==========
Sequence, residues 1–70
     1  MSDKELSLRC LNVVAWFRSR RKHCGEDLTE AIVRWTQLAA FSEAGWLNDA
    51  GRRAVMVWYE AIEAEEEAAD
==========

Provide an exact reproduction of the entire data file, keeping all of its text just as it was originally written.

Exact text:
Sequence, residues 1–70
     1  MSDKELSLRC LNVVAWFRSR RKHCGEDLTE AIVRWTQLAA FSEAGWLNDA
    51  GRRAVMVWYE AIEAEEEAAD